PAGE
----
As a social studies teacher, I always discuss the differences between nationality, culture, ethnicity and race with my ninth-grade students. It’s part of our World Geography curriculum (click here for a PDF paper on the subject). I get some interesting reactions from my students during this discussion. It is, after all, a very sensitive subject. Many of my students do not want to be referred to as black, or red, or yellow, or whatever. One of my girl students last year raised her hand during this discussion. When I called on her, she said, “Mr. Garry, we prefer the term African-American.”
“I know you do, Jamasa (not her real name),” I said, “but that is a term that refers to one’s cultural or ethnic identity, not to race. To illustrate, I continued, “In my church, there is a white family that came to the United States from South Africa. If they were to become American citizens now, would it be appropriate for us to refer to them as African-Americans? No, you see how that wouldn’t quite work? Years ago, in another community, I served in a ministry that included a black man from Rhodesia. He was still a citizen of his native country, working in the U.S. as an employee of the World Bank. So, it would have been most inap- propriate for me to refer to him as an African-American, right?”
She, and all my other students, got the point. But, as a result of this dialogue, the growing diversity of my present congregation, and my choice of words in recent blog postings, I have become acutely aware of a gaping chasm in the way that we refer to one another in this country. With so many of us preferring to be referred to by our heritage… African-American, Latino, Asian-American, Native-American, etc., why is that the rest of us are just referred to as “white?” Why is it that being called white doesn’t bother those of us who are? Maybe it’s because we don’t need to be some special kind of Americans because we are the norm? We’re just the regular kind of Americans.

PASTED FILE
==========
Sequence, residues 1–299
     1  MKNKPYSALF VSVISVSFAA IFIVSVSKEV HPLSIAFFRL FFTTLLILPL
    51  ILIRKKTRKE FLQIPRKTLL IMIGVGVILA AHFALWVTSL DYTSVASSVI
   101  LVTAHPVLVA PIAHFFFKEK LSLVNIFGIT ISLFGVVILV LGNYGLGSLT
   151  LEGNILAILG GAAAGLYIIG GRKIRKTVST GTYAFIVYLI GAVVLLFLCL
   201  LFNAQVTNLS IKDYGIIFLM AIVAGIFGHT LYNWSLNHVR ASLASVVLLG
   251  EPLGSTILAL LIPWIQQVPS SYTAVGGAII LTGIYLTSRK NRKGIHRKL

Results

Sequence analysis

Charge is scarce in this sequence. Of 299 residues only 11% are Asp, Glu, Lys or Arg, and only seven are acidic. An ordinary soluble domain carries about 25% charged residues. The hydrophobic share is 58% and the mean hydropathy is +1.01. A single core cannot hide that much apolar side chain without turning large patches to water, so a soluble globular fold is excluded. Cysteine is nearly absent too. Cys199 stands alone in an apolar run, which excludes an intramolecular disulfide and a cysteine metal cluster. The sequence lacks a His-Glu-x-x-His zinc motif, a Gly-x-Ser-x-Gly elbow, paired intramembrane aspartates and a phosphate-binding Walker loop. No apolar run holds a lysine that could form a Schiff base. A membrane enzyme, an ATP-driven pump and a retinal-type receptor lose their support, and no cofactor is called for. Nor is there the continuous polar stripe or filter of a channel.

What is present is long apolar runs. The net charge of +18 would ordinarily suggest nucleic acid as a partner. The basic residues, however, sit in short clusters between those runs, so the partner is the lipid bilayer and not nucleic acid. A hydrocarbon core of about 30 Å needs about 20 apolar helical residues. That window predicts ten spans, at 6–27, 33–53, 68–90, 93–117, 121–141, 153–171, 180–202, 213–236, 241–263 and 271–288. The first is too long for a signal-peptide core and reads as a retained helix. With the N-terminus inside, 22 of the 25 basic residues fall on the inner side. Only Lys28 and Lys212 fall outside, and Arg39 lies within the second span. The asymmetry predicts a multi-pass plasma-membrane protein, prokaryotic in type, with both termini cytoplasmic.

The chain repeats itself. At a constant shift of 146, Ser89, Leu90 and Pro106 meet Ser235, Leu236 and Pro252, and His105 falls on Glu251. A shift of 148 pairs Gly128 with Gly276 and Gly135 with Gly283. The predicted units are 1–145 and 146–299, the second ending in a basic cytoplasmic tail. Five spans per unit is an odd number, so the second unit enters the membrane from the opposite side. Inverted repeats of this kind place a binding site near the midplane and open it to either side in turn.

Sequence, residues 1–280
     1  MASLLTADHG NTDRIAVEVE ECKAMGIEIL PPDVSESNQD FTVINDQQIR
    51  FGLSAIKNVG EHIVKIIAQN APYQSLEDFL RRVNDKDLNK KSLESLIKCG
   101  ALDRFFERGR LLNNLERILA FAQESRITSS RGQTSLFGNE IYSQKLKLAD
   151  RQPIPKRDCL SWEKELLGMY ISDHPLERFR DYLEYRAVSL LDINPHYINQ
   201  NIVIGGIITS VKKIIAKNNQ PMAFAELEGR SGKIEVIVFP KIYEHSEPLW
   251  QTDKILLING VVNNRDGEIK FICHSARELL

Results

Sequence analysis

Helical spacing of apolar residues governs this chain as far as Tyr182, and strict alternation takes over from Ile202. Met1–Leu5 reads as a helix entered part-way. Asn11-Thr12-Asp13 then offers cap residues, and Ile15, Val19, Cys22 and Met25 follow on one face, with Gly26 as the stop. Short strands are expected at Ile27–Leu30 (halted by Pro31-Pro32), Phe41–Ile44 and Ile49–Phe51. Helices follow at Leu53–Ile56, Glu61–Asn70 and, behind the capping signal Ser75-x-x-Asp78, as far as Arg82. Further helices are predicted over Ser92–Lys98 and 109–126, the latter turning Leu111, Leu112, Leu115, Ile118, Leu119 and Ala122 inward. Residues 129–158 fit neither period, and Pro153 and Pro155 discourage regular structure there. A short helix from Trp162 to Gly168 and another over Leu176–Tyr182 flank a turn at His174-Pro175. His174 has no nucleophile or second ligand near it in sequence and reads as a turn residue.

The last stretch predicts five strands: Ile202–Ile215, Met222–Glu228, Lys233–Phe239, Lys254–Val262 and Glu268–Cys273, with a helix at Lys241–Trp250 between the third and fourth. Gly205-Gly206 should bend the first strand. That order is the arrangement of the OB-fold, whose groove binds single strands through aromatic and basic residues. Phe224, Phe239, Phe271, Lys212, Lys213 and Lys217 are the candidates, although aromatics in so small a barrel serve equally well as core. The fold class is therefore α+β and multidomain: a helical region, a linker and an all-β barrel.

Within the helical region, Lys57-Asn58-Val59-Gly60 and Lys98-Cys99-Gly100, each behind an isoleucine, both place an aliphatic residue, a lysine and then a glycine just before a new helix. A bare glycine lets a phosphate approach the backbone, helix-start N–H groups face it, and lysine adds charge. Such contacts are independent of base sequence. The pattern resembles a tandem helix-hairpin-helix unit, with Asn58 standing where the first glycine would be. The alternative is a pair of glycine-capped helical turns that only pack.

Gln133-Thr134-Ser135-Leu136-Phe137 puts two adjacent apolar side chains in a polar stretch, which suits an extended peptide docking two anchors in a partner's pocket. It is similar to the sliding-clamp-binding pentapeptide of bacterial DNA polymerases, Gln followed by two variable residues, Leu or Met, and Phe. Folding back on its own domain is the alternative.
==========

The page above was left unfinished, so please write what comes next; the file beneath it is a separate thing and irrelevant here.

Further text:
Regular? Hmmm… who gets to be regular in this multicultural country, and, why? Is it because people that look and act more like me are still in the majority? What happens after Mexican-Americans and African-Americans both outnumber whites in this country? And, as things are progressing demographically, especially here in Northern Texas, it won’t be very long now before this becomes the new reality. So, maybe I better start claiming my own heritage. What do you think?
As far as I know, my great-great grandparents all came from various parts of northern Europe. So that makes me European-American, right? If I’m that, instead of “white,” then I am claiming my heritage. When I call myself a European-American, I put myself on the same level as others who claim their heritage. Then nobody gets to be “the norm,” and nobody has to feel like they are surrounded by strangers. Either that, or we all feel surrounded. My hunch is that after there’s no place left for “European-Americans” to flight to, and we’re all bi-lingual, we’ll stop being hyphenated Americans and just be… angels. Won’t that’ll be the day? In the mean time, I want to celebrate and participate in the multicultural nature of this country. The mix of languages, religions, perspectives, foods, art, music, and appear- ance adds immeasurably to my life. To become fully a part of that multicultural reality, then, I need to claim my own heritage.
Theodore Roosevelt, who vehemently spoke out against hyphen- ated Americans in 1915 for not expressing full allegiance to this country (click here to read what he had to say), will probably roll over in his grave when I say this, but I’m finally with you, Jamasa. I now prefer the term, European-American, to just plain white. Let’s leave all the racial references to the geneticists. After all, following the completed mapping of the human genome and the huge genetic marker study recently completed, if we believe what science it telling us now about race and the origin of mankind, we all came out of Africa originally.
Is this a positive step in consciousness, or just an unneeded burden for the politically correct? I invite your thoughts — groans included.
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